"What's going on?" Quince wasn't talking to her, instead she was heading directly for the father, who stopped fiddling with his remote long enough to turn.
"Hi. Howdy!" He said trying to fit in.
"You people can't stay. This here's private land."
The father looked back at the mother who brought the middle, a ten-year-old boy named Tommy, closer.
The father turned to Quince with the authoritarian tone only a parent can muster. "I guess it is. We own it."
"You can't own this lands. It's ours."
The father turned, moved to the Portage and removed a POP-LINK display, which he flipped through until he got to the right page. He did this as he walked back to Quince. Once he found it he offered it to her.
"This is our deed. We bought this property fair and square in Spokane five weeks ago." He leaned forward pointing to items on the display. "These are the Coordinates we've purchased, this is where we are now, dead center."
Quince went pale. The grid map above the numbers was more than half her property. "This here is my land. It's been in my family for ten generations."
"Not according to the land registry office." The father was growing impatient with this petulant child, "now why don't you run along before you're late getting somewhere".
Quince took his motions threateningly. She stepped back swinging the Marwayne rifle up to defend herself. "I want you to pack up and get off my land now!"
"I don't think you understand. We bought this land, fair and square. I showed you the deed."
The father shrugged. It was pretty straight forward. "Now run along."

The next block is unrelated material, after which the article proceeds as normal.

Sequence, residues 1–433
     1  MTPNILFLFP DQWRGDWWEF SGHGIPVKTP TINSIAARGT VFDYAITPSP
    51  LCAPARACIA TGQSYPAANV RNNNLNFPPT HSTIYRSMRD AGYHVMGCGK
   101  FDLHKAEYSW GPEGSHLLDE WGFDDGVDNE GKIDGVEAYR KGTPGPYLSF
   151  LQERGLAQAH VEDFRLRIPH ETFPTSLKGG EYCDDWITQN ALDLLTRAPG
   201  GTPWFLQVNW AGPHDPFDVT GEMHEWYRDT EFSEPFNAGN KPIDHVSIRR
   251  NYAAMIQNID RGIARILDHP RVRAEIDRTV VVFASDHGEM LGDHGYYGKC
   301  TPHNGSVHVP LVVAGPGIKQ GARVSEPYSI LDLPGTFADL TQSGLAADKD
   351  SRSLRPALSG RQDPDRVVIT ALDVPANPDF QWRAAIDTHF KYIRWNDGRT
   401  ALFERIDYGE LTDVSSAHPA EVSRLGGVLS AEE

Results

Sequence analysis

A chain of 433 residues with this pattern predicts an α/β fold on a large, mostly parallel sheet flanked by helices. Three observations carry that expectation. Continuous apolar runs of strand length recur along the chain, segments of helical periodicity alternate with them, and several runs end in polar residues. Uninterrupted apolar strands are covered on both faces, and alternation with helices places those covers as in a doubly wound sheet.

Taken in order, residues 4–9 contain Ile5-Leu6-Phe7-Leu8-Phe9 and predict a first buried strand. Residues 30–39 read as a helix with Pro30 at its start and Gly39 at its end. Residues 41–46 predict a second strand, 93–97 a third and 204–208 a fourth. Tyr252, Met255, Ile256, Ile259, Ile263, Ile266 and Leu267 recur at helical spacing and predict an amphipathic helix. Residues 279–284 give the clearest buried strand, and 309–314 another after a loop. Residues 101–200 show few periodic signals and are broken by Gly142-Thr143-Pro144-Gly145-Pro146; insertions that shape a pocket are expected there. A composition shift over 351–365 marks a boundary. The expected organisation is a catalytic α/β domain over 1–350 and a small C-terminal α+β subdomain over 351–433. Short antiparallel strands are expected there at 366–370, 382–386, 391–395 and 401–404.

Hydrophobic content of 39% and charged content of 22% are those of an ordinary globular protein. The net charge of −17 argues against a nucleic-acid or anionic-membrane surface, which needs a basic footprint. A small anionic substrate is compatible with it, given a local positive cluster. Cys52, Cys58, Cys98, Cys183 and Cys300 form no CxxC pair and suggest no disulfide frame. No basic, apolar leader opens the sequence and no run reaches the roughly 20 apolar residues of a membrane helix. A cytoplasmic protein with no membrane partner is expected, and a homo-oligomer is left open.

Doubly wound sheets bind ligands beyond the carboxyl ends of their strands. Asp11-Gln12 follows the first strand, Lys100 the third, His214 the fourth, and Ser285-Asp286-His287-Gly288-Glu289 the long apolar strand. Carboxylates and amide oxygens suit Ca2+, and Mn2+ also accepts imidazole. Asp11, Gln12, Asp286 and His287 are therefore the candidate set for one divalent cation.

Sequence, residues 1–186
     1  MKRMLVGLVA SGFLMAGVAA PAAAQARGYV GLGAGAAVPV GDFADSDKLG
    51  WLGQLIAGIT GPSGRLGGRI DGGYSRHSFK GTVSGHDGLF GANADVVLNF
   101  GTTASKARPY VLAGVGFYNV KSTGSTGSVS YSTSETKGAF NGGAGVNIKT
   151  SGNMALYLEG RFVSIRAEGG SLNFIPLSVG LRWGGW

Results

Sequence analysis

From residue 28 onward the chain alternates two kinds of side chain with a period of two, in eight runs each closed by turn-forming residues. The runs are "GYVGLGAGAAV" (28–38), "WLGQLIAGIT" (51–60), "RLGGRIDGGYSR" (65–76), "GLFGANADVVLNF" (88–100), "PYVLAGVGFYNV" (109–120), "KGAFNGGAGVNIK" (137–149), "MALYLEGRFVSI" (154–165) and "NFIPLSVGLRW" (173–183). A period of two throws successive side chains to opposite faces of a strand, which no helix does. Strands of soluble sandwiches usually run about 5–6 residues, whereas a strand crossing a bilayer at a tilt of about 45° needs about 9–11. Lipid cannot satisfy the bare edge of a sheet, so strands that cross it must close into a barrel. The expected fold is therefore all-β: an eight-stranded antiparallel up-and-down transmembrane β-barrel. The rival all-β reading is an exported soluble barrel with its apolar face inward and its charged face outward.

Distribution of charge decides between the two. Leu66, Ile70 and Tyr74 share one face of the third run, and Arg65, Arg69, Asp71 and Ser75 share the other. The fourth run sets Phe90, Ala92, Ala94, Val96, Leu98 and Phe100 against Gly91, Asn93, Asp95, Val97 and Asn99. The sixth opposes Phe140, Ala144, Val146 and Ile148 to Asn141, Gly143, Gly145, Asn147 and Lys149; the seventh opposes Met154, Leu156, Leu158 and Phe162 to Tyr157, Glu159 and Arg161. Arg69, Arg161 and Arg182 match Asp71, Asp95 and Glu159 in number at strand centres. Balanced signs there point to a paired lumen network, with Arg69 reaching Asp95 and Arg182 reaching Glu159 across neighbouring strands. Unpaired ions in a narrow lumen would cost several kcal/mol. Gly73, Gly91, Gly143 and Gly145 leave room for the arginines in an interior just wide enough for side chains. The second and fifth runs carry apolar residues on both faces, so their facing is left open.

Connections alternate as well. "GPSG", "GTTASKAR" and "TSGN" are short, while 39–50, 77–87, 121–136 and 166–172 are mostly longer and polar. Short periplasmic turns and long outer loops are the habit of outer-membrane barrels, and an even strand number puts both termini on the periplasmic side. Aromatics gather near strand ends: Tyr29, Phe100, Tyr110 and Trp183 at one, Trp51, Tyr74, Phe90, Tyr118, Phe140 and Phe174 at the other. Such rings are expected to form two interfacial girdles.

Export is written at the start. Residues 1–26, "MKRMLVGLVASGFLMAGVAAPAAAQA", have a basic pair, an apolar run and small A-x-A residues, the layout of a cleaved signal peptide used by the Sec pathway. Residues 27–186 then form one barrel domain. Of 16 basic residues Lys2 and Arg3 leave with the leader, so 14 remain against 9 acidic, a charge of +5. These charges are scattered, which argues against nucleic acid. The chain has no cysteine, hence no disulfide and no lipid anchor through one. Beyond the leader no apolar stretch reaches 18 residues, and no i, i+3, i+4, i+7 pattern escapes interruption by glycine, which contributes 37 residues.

"I ain't going nowhere until I see the last of you!"
Quince's eyes were white with rage. She hadn't heard anything about the new territorial Governor selling off already claimed land. The others wouldn't like this at all.
The father took a more conciliatory tone immediately. He raised his hands up in surrender, he avoided direct eye contact and even slightly bowed his head.
His wife tried to shield the middle child behind her body while easing the both of them toward the Portage, happy at least that the baby was still in the infant seat of the large vehicle.
The daughter, Ray-Ann stood there, too scared to move while she watched her father slowly ease himself forward, both trying to block any shots from hitting the rest of his family, while trying to get closer to Quince with the hopes of disarming her.
On the way he listened to her when she spoke, without hearing anything, and agreed with whatever she said, without meaning any of it. Quince backed up a step for every three he managed.
The father, Blaine Trustcot, was very near Quince now and he lunged forward grabbing the barrel of the gun and twisting it skyward as he tried to wrestle it free of Quince's grip.
To Quince's credit she discharged the weapon the moment his hand came forward, missing him entirely, and twice more before it was wrested from her.
She hadn't hit anyone, but in firing the '51 so many times in a row she had alerted the other five members of her hunting party that something was up.
Without knowing it, Blaine was about to play his part in the first conflagration on Buffalo Commons in almost a hundred and fifty years.
* * *